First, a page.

A few weeks ago I had the opportunity to participate in my first Fashion [Unfold] debate hosted by Justine Iaboni (@EurotrashGirls) of Whatever…Eurotrash and now it’s my turn to lead the discussion. Below is a description of what Fashion [Unfold] is and how you can participate.
What is Fashion[Unfold]
Fashion[Unfold] is a Debate initiative for Industry insiders to address/discuss Fashion issues. An initiative brought from concept to reality, via Tweets by Noëlly Sam @MissSLY, Fashion Editor-in-chief at Miss SLY!™ and Marcus Kan @fusionofeffects, Toronto based Photographer.
Every Tuesday, a Fashion topic is selected, and the discussion gates are open to everyone, to weight in their two cents via Twitter and comments, here is how you can participate:
1. Follow us on Twitter for live interactions during the debate time period: @FashionCrazy_ @MissSLY & @fusionofeffects
2. Add the hashtag #fashionunfold to your tweets, so we can automatically see your reaction
On the Debate Host’s website:
- Drop a comment on the debate post for that week
After a six-year hiatus Tom Ford made a triumphant return to womenswear with the unveiling of his eponymous ready-to-wear collection during the Spring/Summer 2011 season in New York.
However, those who did not receive the golden ticket (aka the much-coveted show invite) were unable to see the collection due to the designer’s media clamp down (until this weekend of course).
Ford, the man who ushered in this age of immediacy and accessibility in fashion, decided that this need to instantly inform the public was passé and he ushered in a new era of exclusivity—at least for his fashion house.
“The way the system works now, you see the clothes, within an hour or so they’re online, the world sees them. They don’t get to a store for six months,” he told Women’s Wear Daily. “The next week, young celebrity girls are wearing them on red carpets. They’re in every magazine. The customer is bored with those clothes by the time they get to the store. They’re over-exposed, you’re tired of them, they’ve lost their freshness.”
Ford put himself in the driver’s seat and instituted a “no photography” policy during the showing of his collection and restricted the distribution of all images and information. That meant no images of the clothes would be revealed until Ford gave the say-so, no full run-of-show, no full-look images accompanying reviews, no magazine coverage until the January issues and no celebrities wearing the clothes until December.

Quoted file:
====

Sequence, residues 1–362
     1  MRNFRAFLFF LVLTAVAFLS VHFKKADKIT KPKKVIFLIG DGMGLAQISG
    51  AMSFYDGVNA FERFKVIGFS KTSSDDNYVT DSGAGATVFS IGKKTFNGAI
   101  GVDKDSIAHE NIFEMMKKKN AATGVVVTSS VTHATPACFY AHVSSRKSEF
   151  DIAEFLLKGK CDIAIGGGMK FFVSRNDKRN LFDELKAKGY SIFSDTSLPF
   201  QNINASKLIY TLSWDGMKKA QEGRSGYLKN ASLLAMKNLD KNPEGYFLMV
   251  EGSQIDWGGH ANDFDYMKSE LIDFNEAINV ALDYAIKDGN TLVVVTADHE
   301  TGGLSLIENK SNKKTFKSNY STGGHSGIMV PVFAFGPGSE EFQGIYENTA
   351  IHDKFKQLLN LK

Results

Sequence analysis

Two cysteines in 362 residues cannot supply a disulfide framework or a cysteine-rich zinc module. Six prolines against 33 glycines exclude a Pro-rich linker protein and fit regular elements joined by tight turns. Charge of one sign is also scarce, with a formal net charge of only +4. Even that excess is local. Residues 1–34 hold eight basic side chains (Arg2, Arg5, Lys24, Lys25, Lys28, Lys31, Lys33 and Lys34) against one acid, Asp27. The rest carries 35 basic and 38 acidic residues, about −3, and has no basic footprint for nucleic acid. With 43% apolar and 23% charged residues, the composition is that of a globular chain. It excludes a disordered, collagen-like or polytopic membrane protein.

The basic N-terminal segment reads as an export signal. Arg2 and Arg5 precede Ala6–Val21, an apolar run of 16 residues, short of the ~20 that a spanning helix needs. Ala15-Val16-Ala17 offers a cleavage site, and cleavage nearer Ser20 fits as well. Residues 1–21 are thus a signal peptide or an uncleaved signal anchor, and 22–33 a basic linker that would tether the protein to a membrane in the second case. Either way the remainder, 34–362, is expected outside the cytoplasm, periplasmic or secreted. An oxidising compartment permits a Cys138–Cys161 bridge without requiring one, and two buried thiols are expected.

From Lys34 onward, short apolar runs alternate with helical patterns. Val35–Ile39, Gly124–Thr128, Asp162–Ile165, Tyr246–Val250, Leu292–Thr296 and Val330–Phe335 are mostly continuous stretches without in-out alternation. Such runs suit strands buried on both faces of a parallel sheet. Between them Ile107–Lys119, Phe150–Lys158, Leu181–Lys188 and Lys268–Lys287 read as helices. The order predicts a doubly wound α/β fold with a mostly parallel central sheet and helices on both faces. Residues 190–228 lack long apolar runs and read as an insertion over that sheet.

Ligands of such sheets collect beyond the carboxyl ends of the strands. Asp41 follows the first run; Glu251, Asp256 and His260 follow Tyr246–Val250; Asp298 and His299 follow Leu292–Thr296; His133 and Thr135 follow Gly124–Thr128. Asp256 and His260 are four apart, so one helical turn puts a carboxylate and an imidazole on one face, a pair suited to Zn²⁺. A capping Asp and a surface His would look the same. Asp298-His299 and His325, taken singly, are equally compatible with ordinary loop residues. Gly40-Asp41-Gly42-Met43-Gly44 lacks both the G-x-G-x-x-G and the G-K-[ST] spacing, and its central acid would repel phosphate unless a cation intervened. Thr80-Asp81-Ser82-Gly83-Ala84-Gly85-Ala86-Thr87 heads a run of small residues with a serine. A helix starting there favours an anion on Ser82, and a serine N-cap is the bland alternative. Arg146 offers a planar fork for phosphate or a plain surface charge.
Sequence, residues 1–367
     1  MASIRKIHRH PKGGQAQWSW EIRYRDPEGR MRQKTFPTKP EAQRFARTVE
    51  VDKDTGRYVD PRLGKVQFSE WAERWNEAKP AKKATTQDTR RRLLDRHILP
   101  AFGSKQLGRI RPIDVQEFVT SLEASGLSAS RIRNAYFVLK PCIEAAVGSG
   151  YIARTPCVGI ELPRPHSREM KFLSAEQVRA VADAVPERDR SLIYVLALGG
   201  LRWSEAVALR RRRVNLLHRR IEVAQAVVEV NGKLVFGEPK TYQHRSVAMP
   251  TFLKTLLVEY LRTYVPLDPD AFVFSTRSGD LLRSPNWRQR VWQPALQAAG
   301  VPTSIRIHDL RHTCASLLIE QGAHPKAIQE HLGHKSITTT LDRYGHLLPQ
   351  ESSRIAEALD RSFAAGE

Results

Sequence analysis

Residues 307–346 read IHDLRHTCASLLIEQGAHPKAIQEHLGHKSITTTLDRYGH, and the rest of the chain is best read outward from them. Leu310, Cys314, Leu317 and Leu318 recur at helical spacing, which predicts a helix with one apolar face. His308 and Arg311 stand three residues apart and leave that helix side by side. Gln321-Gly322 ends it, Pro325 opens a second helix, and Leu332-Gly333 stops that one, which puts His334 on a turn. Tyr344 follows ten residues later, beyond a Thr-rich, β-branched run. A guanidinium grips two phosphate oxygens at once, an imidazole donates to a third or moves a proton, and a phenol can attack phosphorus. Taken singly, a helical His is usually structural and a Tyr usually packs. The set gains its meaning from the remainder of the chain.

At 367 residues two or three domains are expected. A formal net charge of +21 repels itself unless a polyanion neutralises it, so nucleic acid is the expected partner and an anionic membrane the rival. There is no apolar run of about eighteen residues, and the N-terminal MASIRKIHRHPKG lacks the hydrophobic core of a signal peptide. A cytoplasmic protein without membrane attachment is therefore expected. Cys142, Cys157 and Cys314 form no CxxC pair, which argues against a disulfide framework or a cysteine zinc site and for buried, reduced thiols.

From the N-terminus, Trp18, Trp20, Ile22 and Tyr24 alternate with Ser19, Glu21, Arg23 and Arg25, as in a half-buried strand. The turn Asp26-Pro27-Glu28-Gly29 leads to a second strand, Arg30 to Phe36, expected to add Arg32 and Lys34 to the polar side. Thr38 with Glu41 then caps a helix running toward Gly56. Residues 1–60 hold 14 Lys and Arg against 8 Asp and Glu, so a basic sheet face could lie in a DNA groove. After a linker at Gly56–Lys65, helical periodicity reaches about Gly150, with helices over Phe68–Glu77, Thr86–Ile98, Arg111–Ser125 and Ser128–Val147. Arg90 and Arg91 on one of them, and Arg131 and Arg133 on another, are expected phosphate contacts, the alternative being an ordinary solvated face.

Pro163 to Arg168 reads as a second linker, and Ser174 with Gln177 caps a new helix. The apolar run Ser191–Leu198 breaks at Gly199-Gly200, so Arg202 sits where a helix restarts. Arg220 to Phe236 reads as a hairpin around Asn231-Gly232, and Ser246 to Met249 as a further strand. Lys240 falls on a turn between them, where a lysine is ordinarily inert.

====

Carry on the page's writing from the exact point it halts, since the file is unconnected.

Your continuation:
“I get fashion immediacy…I don’t get the need for this immediacy. In fact I think it’s bad,” he told WWD.
Do you agree with Tom Ford? Is the culture of immediacy destroying the fashion industry? Is it time to re-jig the fashion calendar and the current system to one that favours, supports and nurtures fashion designers and their labels rather than feeding the insatiable need to know of the public? And where do bloggers fit into all of this?
My 2 Cents:
The fashion industry is definitely in a difficult spot.
Fast fashion retailers can knock of a designer’s creations before the designer can get them to the store. Celebrities are seen in looks from a collection moments after they go down the runway. Full collections including detail and beauty shots are on the internet mere hours after the show. Showstopping looks appear on the covers and within the pages of magazines the world over (Balmain’s Look number 22, anyone?)
And I think that all that needs to stop.
Anna Wintour was onto something when she showed looks from the Fall 2010 collections during Fashion’s Night Out just before they were set to appear on store shelves.
Consumers need to be re-programmed (and magazine editorial calendars need to be re-planned) so that the people who will be buying the clothes can preview them before the clothes hit store shelves. Fashion shows can become like tradeshows and become more exclusive and the media, buyers and other industry insiders can see the collections during the regular seasons.